An Old-Fashioned Arrangement by Susie Vereker
|An Old-Fashioned Arrangement by Susie Vereker|
|Category: Women's Fiction|
|Reviewer: Sue Fairhead|
|Summary: An unusual plot, set in Geneva. Kim, a fairly conventional housewife, agrees to a very unusual contract in order to support herself and her son James after her husband vanishes. She learns a lot about herself in the process.|
|Buy? Maybe||Borrow? Yes|
|Pages: 311||Date: September 2006|
Kim, whose husband travels a lot, isn't worried that she hasn't heard from him for a while. Then two people from his company arrive on her doorstep and tell her that he's missing, feared dead.
It's the kind of opening that seems to appear fairly often in modern novels, but Kim's circumstances are rather different from the norm. For one thing, she's living in Geneva, in a house rented by her husband's company. In the absence of her husband, she will soon be homeless. Secondly, she has no living relatives, and few friends, since she has moved quite a bit over the years. Besides that, she has no means of support, other than some cash stashed away in the wardrobe, and one or two pupils learning English, who pay her very little.
Kim's main concern is James, her 11-year-old son, and his need for security and continuity. She doesn't miss her husband - as the book progresses it becomes clear that she cares very little about him - but not surprisingly she's in shock after hearing about his apparent demise.
Enter Henri, their landlord and neighbour. He's a charming and elderly roué who has always rather liked Kim as well as being friendly with James. He proposes an "arrangement" of the sort which was apparently common in Regency times, but which even in today's society seems a little shocking. Particularly to Kim, who is somewhat conventional. Despite some strong qualms, she agrees - primarily for the sake of James. The rest of the book doesn't actually focus hugely on this arrangement, but it's the beginning of Kim's emancipation and self-discovery.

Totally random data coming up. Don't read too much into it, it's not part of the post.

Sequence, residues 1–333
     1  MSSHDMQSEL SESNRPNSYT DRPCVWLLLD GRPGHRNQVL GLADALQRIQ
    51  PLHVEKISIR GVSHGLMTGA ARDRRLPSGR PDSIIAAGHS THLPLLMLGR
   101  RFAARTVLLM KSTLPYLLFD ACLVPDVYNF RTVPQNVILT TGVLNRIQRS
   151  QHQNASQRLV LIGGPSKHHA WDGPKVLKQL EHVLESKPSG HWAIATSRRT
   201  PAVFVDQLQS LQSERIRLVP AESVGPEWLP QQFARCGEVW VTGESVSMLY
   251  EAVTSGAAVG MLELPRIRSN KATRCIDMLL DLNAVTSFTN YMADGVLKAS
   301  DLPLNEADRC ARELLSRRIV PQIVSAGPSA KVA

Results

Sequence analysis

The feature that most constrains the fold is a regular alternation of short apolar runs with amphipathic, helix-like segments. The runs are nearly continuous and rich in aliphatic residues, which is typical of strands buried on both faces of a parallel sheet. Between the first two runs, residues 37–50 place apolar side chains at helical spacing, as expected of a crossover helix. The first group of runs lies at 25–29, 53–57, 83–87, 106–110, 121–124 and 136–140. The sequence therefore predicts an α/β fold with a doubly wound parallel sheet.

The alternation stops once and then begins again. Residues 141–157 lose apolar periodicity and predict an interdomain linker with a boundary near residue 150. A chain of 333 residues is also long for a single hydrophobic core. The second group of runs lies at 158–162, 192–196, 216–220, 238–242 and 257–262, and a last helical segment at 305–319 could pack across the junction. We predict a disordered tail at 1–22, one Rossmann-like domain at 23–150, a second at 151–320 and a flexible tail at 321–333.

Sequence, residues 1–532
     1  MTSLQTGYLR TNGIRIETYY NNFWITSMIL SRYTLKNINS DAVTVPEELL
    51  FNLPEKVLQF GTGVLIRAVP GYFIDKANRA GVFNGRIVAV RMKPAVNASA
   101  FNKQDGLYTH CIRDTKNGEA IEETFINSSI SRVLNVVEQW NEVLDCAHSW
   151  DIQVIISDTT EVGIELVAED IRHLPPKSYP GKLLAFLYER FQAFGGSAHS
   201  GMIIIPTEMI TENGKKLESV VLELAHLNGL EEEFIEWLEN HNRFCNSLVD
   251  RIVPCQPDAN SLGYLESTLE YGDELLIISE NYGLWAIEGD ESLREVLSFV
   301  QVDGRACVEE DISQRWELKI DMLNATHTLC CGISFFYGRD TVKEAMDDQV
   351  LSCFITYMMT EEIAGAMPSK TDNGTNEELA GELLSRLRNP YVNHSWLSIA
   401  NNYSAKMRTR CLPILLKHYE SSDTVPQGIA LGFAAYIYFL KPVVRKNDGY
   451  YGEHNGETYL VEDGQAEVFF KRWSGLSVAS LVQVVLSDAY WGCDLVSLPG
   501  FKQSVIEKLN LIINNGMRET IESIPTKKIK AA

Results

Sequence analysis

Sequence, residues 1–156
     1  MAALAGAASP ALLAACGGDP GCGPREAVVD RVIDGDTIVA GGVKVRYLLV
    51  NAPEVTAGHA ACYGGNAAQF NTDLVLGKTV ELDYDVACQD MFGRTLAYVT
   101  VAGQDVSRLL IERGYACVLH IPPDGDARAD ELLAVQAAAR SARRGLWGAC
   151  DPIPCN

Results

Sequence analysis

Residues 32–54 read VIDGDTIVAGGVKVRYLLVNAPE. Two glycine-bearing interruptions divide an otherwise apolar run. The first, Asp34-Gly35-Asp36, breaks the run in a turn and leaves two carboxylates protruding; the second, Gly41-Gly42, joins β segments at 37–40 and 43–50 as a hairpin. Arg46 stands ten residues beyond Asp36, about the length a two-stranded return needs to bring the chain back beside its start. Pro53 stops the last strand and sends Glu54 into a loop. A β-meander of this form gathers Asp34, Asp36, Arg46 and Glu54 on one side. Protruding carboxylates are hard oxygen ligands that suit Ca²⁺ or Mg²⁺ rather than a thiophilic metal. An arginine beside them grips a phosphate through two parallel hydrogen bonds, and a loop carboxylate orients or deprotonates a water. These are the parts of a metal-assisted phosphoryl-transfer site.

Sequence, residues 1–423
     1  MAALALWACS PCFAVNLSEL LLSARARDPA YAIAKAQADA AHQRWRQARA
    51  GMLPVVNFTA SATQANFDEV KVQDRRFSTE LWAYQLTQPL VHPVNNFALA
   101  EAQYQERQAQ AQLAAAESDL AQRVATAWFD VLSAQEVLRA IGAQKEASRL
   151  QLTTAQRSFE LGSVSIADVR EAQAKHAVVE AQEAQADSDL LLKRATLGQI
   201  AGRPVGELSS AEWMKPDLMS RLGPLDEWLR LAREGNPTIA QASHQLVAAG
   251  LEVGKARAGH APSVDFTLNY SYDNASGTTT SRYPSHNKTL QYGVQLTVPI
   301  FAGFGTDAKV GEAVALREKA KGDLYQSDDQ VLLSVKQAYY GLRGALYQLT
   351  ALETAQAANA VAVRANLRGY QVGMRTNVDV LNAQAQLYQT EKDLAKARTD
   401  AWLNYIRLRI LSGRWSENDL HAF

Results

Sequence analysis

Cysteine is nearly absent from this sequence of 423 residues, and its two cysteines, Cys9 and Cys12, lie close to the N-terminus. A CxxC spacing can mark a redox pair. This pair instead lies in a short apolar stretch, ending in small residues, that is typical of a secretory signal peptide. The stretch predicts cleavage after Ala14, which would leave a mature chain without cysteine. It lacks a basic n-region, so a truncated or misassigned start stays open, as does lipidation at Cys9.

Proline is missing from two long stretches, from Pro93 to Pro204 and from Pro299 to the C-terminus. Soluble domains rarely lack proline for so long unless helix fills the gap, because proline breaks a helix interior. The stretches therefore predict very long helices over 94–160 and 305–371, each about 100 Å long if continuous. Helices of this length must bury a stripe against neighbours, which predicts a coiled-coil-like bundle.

I have slightly mixed feelings about the book. I enjoyed the story - it's light-hearted with serious overtones, set in a society I know very little about; there's sufficient detail to make it interesting, not too much to be boring. It's plot-driven with several fast-moving subplots, which isn't my personal preference in novels, but I did find myself reading fairly compulsively: wondering how on earth the situations would be resolved. I was also intrigued to know what would happen when Kim's husband reappeared, as I was sure he would.
On the other hand, I would have liked the characters to be stronger and more believable. James was a delightful child, and Henri a most likeable neighbour; I felt I wanted to get to know them better, but neither is very well-developed. Most of Kim's friends are caricatures - not a problem, as they're mostly there to provide a bit of light relief - and Mark, a young man who becomes important later in the plot, is something of a typecast hero figure. None of that would have mattered if I had been able to relate well to Kim. But although I could share some of her concerns - my children are important to me, too - I couldn't quite believe that she would be so naive at the start of the story. Nor could I quite come to terms with the way she changed so very rapidly.
For me personally, I'd give three and a half stars. But many people enjoy plot-driven books, and it was certainly readable and enjoyable, in the chick-lit-for-older-women genre, so I'll allocate four Bookbag stars.
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You can read more book reviews or buy An Old-Fashioned Arrangement by Susie Vereker at Amazon.com.
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